Humans are the worst creatures on the planet: Keerthi Pandian
The actress and Darshan discuss their roles in the recent children’s film, Thumbaa, that aims to spread awareness about the preservation of the natural world
Stories written around animals have traditionally proven to result in safe films. We have seen films around dogs, elephants and monkeys, but in last week’s release, Thumbaa, young actors Darshan and Keerthi Pandian shared screen space with a computer-generated tiger. “Puli-a paathaale oru geththu irukkum. If I had to be born a wild animal, I’d want nothing better than to live as a tiger," says Darshan. Keerthi likes lions better. “I even have a tattoo of one on my back. Lionesses are emotional; I think of it as my soul animal," she says.
For Darshan, it was the excitement of being part of a children’s film that made him pick Thumbaa. On the other hand, director Harish Ram LH's clarity convinced Keerthi. She says, "I had been waiting for a good script to debut with. Harish cautioned me that the film would involve a lot of pre-production work and that I would have to undergo acting workshops along with other actors like Darshan and Dheena. I was totally game; a film like this deserved such preparation.”
There were acting workshops, script reading sessions and staging sessions, before shooting could begin. This process, according to Darshan, saved them much time and money. "We were able to complete the entire film in only 32 days. If we hadn’t prepared well, it could have so easily taken more than 100 days." Though trained in theatre, Keerthi doesn’t think it gave her an advantage over the others. “This space, and the people, were entirely different. I learned many new lessons."
Shooting in a real jungle proved to be a different ball game though. “The chase sequences were demanding, as we had to run over slippery rocks and shrubs. We slipped multiple times, but always went on till the director said cut,” Keerthi says. Darshan adds that the entire experience was exciting for this reason. "We had to run for our lives for this film. The crew kept us motivated and energised.”
Though made for children, the central theme of Thumbaa — of forest conservation and wildlife preservation — is for the adults. Both actors feel strongly about this. Keerthi believes that exploitation of natural resources is the reason behind ecological imbalance and extinction of many animals. "We are the worst of all creatures on earth. It is sad that we continue to create technologies that destroy the environment. People have become self-centric and they hardly think about the fate of future generations," she says. Darshan is glad that Thumbaa is creating a positive influence on the audience. "However, our film isn’t preachy. We just wanted the audience to go, “Ada! Ipdi pannaale, animals-a save panalame!"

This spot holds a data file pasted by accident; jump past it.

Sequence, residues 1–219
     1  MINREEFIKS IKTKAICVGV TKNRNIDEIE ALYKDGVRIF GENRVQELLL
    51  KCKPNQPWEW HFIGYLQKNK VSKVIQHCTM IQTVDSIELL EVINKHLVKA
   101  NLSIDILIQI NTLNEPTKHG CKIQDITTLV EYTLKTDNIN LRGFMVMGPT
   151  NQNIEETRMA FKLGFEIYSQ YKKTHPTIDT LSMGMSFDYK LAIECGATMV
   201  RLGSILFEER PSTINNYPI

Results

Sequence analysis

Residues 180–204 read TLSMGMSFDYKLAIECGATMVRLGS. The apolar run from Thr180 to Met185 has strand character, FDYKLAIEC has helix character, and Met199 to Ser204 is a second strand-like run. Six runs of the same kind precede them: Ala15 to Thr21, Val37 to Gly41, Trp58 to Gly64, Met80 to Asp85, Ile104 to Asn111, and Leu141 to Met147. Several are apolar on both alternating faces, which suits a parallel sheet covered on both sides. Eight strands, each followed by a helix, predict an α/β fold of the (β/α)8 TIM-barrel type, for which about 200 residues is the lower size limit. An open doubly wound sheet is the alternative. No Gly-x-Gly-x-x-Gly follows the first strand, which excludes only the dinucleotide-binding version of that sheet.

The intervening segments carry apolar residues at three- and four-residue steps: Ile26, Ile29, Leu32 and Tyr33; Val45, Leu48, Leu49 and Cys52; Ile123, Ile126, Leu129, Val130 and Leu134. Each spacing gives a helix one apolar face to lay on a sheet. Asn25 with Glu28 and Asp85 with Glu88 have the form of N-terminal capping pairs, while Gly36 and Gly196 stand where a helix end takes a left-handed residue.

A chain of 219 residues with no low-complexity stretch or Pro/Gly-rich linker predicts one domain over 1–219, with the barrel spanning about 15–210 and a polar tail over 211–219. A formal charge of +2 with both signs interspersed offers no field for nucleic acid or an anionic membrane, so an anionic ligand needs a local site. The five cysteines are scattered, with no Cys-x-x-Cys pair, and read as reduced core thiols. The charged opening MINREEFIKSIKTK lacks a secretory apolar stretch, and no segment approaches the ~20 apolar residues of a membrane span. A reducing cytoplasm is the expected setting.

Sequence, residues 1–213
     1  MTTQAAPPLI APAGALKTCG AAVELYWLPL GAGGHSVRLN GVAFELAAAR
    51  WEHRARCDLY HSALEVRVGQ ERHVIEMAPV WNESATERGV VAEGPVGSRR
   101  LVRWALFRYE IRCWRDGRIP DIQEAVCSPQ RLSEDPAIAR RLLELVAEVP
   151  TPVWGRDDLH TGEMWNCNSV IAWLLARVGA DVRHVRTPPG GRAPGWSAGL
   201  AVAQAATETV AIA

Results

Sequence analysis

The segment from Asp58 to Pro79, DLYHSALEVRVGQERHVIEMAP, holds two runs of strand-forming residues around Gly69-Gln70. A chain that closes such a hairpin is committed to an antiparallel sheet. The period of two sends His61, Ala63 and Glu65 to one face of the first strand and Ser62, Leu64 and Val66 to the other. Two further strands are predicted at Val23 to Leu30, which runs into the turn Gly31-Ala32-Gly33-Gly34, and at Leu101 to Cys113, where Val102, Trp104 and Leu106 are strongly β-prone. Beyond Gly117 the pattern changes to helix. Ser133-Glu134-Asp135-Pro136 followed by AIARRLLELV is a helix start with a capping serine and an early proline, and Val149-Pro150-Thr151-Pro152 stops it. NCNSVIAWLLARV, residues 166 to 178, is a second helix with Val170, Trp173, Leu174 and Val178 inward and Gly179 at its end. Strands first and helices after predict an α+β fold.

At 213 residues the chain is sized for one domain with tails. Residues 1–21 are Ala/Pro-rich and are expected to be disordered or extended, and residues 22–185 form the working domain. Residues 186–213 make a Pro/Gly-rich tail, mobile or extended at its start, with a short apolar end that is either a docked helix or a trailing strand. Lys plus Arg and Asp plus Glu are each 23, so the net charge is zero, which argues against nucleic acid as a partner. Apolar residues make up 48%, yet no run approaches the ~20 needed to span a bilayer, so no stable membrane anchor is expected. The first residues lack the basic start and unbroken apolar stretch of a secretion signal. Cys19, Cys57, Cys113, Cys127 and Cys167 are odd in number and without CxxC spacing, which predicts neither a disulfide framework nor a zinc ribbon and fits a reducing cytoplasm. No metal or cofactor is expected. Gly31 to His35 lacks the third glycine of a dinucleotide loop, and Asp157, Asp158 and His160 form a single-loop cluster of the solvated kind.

While Keerthi is the daughter of actor-producer Arun Pandian, she shares that she had to fight her own battles and earn her role in Thumbaa. "In no audition have I shared that I am his daughter," she says, "This isn’t about my ego; it is just the notion that I should get things I truly deserve." She does recognise though that she gets some privileges — like insulation from sexual predators. "They eventually find out who I am, and stop messing with me after that. But that isn't the case for my other female friends, who have faced many bad experiences."
The actor, in fact, broke down at a promotional event while recalling her bitter experiences with filmmakers in the past. "I wanted to speak about this issue of body-shaming, which has been prevalent in the industry and I thank director Harish for instilling a great amount of confidence in me. I'm a person who has performed a monologue against body shaming more than twenty times on stage and I believed I had total confidence in my appearance. I didn't think even I could be pressured into feeling bad about myself."
She feels change is ultimately in the hands of the audience. "Filmmakers claim to echo the taste of Tamil viewers, but I believe our audience has changed a lot over the years. That explains why there are quite a few films about women, these days."